1 part dry vermouth
splash of olive juice
Instructions: add all 3 ingredients to a shaker with ice. Shake vigorously for 5-10 sec. Strain into martini glass. Dress with 1-3 olives.
You can get very spendy on gin and vermouth if you want. However, I've found Greenall's or Bombay Dry (or Bombay Sapphire if you like spending more) work well without costing an arm and a leg. Martini & Rossi vermouth is fine, though Dolin vermouth is nicer if you want to pay more. You can use jalapeno stuffed olives to add a kick. If it comes out green, you overdid the olive juice. It should have a slight hint of green, barely noticeable.
I haven't found a vodka martini I like yet, but I would like to try Potocki rye vodka in a martini sometime. I've had it before on it's own and it has a unique flavor I think would go well in a martini.
Any other gin martini drinkers wanna share their version?
2 oz Plymouth Gin
3/4 oz Noilly Prat Dry Vermouth
1-2 dashes Regan's Orange Bitters
I prefer well stirred over shaken. As a rule of thumb I think gin martinis should be stirred and vodka "martinis" should be shaken. This is a very classic and very standard martini, which I think has more than stood the test of time. I prefer the traditional lemon twist over olives as the lemon works exceptionally well with the orange bitters and Noilly Prat (and lemon and gin go together without say). What needs to be emphasized is that vermouth must be refrigerated and even then its shelf life is only about 3 months. For many years the trend was towards decreasing amounts of vermouth and rightfully so when it isn't being taken care of. Vermouth is a fortified wine; it needs to be treated like such. The good news is that more vermouth has swung back into popularity, but unfortunately a lot of bars still don't refrigerate it so the martinis are awful.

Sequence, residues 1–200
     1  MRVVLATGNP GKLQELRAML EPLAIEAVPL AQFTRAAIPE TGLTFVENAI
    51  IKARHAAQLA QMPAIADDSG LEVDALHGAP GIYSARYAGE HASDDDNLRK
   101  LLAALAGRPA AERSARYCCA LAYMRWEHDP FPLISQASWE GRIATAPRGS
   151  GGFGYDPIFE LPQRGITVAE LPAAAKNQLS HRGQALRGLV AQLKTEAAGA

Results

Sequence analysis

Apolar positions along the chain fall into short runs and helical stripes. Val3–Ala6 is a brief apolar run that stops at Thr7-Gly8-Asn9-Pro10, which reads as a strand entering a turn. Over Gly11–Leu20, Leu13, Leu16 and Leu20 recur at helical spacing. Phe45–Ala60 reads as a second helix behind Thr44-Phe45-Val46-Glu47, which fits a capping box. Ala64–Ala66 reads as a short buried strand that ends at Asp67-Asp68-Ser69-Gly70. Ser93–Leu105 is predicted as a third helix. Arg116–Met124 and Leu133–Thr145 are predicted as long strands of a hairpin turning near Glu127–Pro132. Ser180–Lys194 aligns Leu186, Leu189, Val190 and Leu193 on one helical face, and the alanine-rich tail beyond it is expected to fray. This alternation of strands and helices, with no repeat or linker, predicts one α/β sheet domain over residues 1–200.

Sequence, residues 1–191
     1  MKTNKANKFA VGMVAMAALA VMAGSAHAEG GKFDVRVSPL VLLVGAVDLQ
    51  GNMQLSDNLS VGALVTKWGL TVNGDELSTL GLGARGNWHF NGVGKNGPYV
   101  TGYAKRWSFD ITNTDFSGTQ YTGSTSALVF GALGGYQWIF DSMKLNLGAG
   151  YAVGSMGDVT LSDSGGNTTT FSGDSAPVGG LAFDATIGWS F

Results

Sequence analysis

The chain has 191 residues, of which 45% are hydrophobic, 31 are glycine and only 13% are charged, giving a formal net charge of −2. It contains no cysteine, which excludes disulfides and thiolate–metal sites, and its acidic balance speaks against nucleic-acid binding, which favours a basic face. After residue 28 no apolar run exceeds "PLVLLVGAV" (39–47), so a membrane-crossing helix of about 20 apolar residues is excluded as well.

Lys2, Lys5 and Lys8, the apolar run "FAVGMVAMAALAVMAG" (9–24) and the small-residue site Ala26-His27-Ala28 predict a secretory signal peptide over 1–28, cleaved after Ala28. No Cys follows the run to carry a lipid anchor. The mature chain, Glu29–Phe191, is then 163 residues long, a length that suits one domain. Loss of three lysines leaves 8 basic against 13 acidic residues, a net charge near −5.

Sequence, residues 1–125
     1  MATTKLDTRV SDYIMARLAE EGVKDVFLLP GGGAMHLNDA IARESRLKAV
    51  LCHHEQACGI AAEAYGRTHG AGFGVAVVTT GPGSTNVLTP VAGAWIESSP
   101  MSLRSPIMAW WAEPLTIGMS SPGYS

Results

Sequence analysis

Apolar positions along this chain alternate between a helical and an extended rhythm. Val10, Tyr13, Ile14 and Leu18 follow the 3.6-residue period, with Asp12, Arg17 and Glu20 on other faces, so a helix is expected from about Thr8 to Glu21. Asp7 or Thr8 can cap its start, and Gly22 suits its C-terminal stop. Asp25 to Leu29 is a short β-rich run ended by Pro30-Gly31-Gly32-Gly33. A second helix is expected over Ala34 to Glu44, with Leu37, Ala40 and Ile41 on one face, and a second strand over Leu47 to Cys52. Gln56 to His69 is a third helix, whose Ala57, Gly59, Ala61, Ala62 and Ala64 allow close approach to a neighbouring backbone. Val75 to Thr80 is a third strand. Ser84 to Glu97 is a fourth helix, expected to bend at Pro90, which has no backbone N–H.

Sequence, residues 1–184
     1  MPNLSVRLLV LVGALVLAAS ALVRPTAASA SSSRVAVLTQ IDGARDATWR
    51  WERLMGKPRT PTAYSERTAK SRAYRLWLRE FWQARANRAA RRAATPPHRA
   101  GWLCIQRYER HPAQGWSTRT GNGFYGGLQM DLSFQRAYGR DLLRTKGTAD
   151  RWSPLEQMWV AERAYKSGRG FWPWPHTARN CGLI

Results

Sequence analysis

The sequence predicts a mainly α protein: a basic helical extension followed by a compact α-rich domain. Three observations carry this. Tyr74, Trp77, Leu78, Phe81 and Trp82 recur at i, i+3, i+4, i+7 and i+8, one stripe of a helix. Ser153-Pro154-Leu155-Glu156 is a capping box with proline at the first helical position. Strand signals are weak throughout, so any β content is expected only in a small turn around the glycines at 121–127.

Plymouth is far and away my favorite gin for martinis, and it's good to have it on hand for the indelible pink gin, which only really works with Plymouth. I do think it's important to tailor the ratio's to your liking and they can range pretty far.
Last edited by Tea; 12-18-2012 at 06:59 AM.
I've heard great things about Plymouth, but haven't been able to talk myself into the ~$40 for a 750mL. I guess I'll have to break down and try it.
Thanks for the tips! I'll have to try out your method, though I typically like the salty olive flavor rather than citrus.
$40? Jesus, it's $28 here.
Yeah Plymouth is not even that expensive around here.
One thing to remember about vermouth is that it can and does go bad, so if you aren't using it in cocktails that often, consider buying a 375ml bottle instead of a full bottle.
I'll double check, but I remember it being in the high $30s last time I was at the store. Consider me jealous if I am correct and you guys can get it much cheaper.
Plymouth is $25 in Dallas, you're getting fucked at high $30s
Oh man, that periscope is a very fine drink that I'm definitely going to make. St. Germain is one of the greatest accent liqueurs of all time. It goes with with absolutely anything, and adds this nicely complex floral taste to cocktails. I think it lends itself spectacularly well to both cognac and gin who are bringing their own floral party.
1 oz Cognac
3/4 oz Rye
1/2 oz St Germain
1/2 oz Fresh lemon Juice
1/4 oz Lavender Syrup
Last edited by Tea; 12-20-2012 at 07:19 PM.